Education Revisited: Creating Educational Experiences That Are Held, Felt, and Disruptive

  • Bob JicklingEmail author
Part of the Palgrave Studies in Education and the Environment book series (PSEE)


First, broad issues in education are discussed and similarities with issues in environmental and sustainability education are noted. Second, some key initiatives, arising after the conclusion of the Decade of Education for Sustainable Development, are noted and discussed. These include the United Nation’s 2030 Agenda and its implications for education, and a special issue of Journal of Environmental Education devoted to a critical examination of the politics of environmental education and education for sustainable development. Analysis suggests that environmental education and sustainability education can both be seen as signs that point to the question, “What is fundamentally wrong with education itself?” Third, a thought experiment is presented to tackle this question. Quotations from Arne Næss, Aldo Leopold, and Albert Camus are used to probe transformative moments in these authors’ lives. They are found to point towards something that is undervalued in much of contemporary education.


Environment Sustainability Sustainable development Education Transformation Experiential Feeling Emotion Resonant understanding 


  1. Alexis, A. (2015). Fifteen dogs. Toronto: Coach House Books.Google Scholar
  2. Au, W. (2011). Teaching under the new Taylorism: High-stakes testing and the standardization of the 21st century curriculum. Journal of Curriculum Studies, 43(1), 25–45.CrossRefGoogle Scholar
  3. Bengtsson, S. L. (2016a). Hegemony and the politics of policy-making for education for sustainable development: A case study of Vietnam. Journal of Environmental Education, 47(2), 77–90. doi: 10.1080/00958964.2015.1021291 CrossRefGoogle Scholar
  4. Bengtsson, S. L. (2016b). Aporias, politics of ontology, ethics, and “we”? Journal of Environmental Education, 47(2), 163–168. doi: 10.1080/00958964.2015.1124830 CrossRefGoogle Scholar
  5. Bengtsson, S. L., & Östman, L. O. (2013). Globalisation and education for sustainable development: Emancipation from context and meaning. Environmental Education Research, 19(4), 477–498.CrossRefGoogle Scholar
  6. Camus, A. (2013). The plague (R. Buss, Trans.). London: Penguin Books. (Original work published 1947).Google Scholar
  7. Derby, M. D. (2015). Place, being, resonance: A critical ecohermeneutic approach to education. New York: Peter Lang.CrossRefGoogle Scholar
  8. González-Gaudiano, E. (2005). Education for sustainable development: Configuration and meaning. Policy Futures in Education, 3(3), 243–250.CrossRefGoogle Scholar
  9. Gutiérrez, K. D. (2016). Designing resilient ecologies: Social design experiments and a new social imagination. Educational Researcher, 45(3), 187–196.CrossRefGoogle Scholar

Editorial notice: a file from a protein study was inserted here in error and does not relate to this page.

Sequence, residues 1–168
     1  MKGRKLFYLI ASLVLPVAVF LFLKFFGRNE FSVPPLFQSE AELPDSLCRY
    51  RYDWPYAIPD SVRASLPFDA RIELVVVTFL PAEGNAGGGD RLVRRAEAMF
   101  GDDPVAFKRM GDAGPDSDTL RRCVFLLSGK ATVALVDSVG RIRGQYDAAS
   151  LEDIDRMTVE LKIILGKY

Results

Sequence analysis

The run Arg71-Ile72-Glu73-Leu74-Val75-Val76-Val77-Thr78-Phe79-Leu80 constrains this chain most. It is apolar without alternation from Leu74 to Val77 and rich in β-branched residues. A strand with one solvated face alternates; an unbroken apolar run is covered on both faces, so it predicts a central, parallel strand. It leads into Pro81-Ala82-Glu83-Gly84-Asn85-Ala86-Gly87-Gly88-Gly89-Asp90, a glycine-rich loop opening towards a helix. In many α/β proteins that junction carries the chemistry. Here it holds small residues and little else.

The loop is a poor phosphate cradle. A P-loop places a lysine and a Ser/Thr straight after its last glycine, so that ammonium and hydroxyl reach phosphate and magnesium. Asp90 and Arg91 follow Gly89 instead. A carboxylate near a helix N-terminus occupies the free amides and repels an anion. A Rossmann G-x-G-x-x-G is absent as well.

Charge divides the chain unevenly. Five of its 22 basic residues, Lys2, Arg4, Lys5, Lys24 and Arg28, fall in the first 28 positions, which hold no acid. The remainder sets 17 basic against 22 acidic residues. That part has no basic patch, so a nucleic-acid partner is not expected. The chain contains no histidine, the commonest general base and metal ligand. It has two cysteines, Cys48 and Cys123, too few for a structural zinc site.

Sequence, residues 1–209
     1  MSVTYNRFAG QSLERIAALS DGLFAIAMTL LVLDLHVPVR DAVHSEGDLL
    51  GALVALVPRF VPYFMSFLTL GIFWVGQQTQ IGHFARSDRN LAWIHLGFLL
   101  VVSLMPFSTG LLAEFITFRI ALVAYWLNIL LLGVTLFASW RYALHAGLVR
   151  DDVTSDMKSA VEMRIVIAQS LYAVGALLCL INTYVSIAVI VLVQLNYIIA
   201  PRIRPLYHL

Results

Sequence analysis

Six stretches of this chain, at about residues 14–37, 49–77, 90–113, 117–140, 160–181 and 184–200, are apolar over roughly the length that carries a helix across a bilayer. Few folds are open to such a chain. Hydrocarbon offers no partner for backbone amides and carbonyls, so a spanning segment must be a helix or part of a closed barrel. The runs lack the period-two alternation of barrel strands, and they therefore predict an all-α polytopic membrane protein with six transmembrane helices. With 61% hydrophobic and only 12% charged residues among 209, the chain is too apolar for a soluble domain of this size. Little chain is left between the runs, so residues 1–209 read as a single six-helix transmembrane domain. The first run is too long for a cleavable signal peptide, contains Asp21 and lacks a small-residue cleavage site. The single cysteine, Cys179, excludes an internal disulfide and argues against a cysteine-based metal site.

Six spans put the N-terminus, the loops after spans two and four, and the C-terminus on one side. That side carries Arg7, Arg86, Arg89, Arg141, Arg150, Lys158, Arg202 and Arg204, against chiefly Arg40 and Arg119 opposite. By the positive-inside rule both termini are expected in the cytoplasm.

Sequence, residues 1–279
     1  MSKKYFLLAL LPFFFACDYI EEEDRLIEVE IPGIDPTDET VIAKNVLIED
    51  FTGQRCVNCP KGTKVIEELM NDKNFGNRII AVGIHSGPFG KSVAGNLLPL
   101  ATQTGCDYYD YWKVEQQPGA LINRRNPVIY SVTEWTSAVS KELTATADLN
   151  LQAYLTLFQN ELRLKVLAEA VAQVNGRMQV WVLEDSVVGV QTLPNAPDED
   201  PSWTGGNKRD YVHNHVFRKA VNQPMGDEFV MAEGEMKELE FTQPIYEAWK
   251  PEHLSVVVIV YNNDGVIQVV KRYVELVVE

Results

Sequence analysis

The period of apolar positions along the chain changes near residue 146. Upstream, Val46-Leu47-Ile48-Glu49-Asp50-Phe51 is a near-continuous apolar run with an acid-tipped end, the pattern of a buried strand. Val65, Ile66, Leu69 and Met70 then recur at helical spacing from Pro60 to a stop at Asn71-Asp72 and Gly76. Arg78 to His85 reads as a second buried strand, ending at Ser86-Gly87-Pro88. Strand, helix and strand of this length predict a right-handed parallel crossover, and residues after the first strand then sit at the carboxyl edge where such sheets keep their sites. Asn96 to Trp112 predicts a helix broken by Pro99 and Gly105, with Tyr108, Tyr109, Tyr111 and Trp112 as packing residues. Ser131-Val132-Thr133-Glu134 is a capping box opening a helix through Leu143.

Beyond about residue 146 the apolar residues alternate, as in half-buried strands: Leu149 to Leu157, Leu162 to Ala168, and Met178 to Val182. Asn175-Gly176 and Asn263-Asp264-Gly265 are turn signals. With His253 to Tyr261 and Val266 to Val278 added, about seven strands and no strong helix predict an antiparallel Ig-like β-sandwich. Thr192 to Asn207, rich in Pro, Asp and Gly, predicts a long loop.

10. Huckle, J., & Wals, A. E. J. (2015). The UN decade of education for sustainable development: Business as usual in the end. Environmental Education Research, 21(3), 491–505.CrossRefGoogle Scholar
  11. Jardine, D. (1998). Birding lessons and teachings of cicadas. Canadian Journal of Environmental Education, 3, 92–99.Google Scholar
  12. Jickling, B. (2015). Self-willed learning: Experiments in wild pedagogy. Cultural Studies of Science Education, 10(1), 149–161. doi: 10.1007/s11422-014-9587-y CrossRefGoogle Scholar
  13. Jickling, B. (2016). Wild pedagogies: A floating colloquium. Pathways: The Ontario Journal of Outdoor Education, 28(4), 4–7.Google Scholar
  14. Kaza, S. (2002). Teaching ethics through environmental justice. Canadian Journal of Environmental Education, 7(1), 99–109.Google Scholar
  15. Lee, D. (2010). The music of thinking: The structural logic of “Lyric Philosophy.” In M. Dickinson & C. Goulet (Eds.), Lyric ecology: An appreciation of the work of Jan Zwicky (pp. 19–39). Toronto: Cormorant Books.Google Scholar
  16. Leopold, A. (1966). A Sand County almanac: With essays on conservation from Round River. New York: Sierra Club/Ballantine. (First published in 1949/1953).Google Scholar
  17. Næss, A. (1988). Self realization: An ecological approach to being in the world. In J. Seed, J. Macy, P. Fleming, & A. Næss (Eds.), Thinking like a mountain: Towards a council of all beings (pp. 19–30). Gabriola Island, BC: New Society Publishers.Google Scholar
  18. Payne, S. L. (Guest Ed.) (2016a). Journal of Environmental Education, 47(2).Google Scholar
  19. Payne, S. L. (2016b). The politics of environmental education. Critical inquiry and education for sustainable development. Journal of Environmental Education, 47(2), 69–76. doi: 10.1080/00958964.2015.1127200 CrossRefGoogle Scholar
  20. Peters, R. S. (1973). Aims of education: A conceptual inquiry. In R. S. Peters (Ed.), The philosophy of education (pp. 11–57). Oxford: Oxford University Press.Google Scholar
  21. Smith, W. C. (Ed.). (2016). The global testing culture: Shaping educational policy, perceptions, and practice. Oxford: Symposium Books.Google Scholar
  22. United Nations. (2015). Resolution adopted by the General Assembly on 25 September 2015. Transforming our world: The 2030 agenda for sustainable development. Retrieved from
  23. Wals, A. E. J. (2009). A mid-decade review of the decade of education for sustainable development. Journal of Education for Sustainable Development, 3(2), 195–204.CrossRefGoogle Scholar
  24. Zwicky, J. (2003). Wisdom and metaphor. Kentville, NS: Gaspereau Press.Google Scholar

Copyright information

© The Author(s) 2017

Authors and Affiliations

  1. 1.Lakehead UniversityThunder BayCanada

Personalised recommendations